I more thought to some of the things I said about saute and realize I was too hard-@$$, and way too full of my self. In cooking there's always more than one way to skin a cat. Toss-turning without a tool is very nice, but it's not the be and end all of cooking generally -- or even sauteing.
To saute is to do something very specific. That is, to cook food, almost always cut in small pieces, in an open pan, over relatively high heat, in very little oil. The pan must be at cooking temperature before the food goes in. Because the pan is hot, depending on the food, there will be an immediate chemical reaction on the surface of the food as protein and starch molecules begin to change into somewhat or very different compounds. A side effect of the change is that the food will stick to the bottom of the pan.
When the (desired) changes have occurred the food will "release," and (mostly) un-stick itself. The value of toss-turning is that only food that is ready will turn -- while lifting with a spatula or stirring with a spoon will break the bond. Toss-turning simplifies the timing, but doesn't make the cooking method.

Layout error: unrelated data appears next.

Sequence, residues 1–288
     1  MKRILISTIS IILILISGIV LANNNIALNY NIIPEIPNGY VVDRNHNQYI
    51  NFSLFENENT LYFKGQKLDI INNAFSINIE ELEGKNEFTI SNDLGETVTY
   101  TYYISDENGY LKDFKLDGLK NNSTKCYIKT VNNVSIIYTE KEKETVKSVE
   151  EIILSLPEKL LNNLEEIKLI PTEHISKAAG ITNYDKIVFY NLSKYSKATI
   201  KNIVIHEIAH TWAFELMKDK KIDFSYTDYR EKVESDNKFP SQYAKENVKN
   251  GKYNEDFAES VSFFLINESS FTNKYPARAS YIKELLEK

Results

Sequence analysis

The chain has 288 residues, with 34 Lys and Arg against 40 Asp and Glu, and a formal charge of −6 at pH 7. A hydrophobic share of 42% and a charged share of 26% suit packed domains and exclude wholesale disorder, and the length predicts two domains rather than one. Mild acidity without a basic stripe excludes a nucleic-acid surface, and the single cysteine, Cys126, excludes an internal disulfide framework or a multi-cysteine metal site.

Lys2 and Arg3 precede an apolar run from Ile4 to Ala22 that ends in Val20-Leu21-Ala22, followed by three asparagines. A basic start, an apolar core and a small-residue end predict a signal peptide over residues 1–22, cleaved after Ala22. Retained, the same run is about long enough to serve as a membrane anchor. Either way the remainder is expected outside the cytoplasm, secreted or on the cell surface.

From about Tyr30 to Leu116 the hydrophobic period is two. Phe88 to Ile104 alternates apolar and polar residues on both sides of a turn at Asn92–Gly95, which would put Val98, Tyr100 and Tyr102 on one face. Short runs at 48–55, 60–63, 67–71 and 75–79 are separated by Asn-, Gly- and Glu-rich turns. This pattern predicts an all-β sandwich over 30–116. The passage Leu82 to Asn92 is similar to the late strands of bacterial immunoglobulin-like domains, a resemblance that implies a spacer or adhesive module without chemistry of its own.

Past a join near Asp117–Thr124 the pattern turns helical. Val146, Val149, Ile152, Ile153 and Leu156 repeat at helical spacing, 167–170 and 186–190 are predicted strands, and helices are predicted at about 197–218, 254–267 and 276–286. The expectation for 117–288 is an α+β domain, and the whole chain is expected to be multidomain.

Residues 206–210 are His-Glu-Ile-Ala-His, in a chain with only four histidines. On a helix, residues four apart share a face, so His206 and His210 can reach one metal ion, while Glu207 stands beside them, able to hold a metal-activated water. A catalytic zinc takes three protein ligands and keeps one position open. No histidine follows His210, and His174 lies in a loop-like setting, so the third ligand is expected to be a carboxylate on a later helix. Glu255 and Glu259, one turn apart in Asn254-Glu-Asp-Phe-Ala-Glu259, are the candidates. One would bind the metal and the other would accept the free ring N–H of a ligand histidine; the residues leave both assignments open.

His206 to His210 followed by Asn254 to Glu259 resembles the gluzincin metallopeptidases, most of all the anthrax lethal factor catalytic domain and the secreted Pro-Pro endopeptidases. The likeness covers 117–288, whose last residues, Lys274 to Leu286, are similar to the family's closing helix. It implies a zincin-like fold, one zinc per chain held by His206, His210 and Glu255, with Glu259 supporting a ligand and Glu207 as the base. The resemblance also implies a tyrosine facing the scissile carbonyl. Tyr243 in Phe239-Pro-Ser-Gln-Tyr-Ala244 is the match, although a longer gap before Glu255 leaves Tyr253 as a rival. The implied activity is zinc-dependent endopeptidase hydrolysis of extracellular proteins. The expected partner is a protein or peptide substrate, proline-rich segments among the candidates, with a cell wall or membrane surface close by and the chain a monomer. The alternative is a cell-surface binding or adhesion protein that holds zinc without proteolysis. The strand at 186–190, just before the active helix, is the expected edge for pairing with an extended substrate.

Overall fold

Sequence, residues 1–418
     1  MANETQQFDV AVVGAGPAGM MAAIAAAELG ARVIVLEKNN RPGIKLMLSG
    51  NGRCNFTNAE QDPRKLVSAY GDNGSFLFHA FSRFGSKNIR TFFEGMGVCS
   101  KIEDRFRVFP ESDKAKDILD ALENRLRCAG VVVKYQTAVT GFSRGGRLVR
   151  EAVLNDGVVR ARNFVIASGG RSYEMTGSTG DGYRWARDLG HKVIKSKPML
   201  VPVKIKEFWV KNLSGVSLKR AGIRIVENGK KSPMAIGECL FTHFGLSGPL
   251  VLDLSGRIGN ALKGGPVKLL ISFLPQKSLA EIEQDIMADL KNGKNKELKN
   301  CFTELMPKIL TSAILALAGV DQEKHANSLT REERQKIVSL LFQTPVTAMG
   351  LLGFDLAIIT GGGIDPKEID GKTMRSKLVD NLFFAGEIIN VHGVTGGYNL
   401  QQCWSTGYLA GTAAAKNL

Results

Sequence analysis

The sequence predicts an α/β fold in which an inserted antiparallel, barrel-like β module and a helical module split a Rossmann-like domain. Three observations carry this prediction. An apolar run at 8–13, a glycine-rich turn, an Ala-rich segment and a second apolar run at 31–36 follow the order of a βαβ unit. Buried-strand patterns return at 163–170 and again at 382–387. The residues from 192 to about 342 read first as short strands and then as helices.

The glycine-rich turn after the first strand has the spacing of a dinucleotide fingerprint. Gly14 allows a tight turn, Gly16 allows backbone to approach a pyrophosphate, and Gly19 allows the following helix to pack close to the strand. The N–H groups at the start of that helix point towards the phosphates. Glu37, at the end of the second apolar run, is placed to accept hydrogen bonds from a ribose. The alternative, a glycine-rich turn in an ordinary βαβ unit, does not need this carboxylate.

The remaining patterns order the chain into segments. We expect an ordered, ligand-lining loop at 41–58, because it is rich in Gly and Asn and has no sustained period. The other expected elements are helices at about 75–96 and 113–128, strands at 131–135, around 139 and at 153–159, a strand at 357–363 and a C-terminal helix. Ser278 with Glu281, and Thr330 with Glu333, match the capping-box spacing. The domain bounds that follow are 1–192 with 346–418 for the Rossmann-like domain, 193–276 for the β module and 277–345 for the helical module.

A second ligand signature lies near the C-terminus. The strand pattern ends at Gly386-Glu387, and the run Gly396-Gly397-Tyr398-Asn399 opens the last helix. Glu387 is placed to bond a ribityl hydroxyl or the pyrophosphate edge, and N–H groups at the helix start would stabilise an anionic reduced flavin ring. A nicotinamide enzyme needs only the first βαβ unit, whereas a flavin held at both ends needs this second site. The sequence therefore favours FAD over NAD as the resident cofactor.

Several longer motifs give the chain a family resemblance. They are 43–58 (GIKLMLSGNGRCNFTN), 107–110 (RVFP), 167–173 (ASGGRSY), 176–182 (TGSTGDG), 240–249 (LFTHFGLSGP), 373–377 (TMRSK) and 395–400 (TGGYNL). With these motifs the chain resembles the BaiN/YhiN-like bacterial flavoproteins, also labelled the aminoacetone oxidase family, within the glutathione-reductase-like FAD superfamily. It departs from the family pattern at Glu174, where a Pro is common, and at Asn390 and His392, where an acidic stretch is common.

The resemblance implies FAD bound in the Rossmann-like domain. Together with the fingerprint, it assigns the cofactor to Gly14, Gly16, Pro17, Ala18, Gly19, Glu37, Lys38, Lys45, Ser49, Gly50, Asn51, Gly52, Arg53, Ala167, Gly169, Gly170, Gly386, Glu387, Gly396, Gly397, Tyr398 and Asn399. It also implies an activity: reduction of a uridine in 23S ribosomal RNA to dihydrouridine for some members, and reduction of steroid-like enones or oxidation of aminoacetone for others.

I still think that it's nice to have pans that work a little better than stainless, are a little lighter, are conducive to toss-turning, and that it's worthwhile for you to learn know how to toss-turn; but, I apologize for being so pompous before and implying that my way was the only way or even the best way. The "proof of the pudding is in the eating," not in the pontification. The first rule of cooking is: Whatever works.
That said, saute is a very specific term relating to a particular level of heat, a particular amount of fat and a particular timing. Stir fry is a much looser term. But, as loose at is it does not completely overlap with saute. For instance, it is possible to saute a piece of fish and only turn it once. You certainly wouldn't say that it was stir-fried. It's possible to begin a stir fry with a 1/4" or more of oil in the wok (or pan), but not a saute.
My san yen,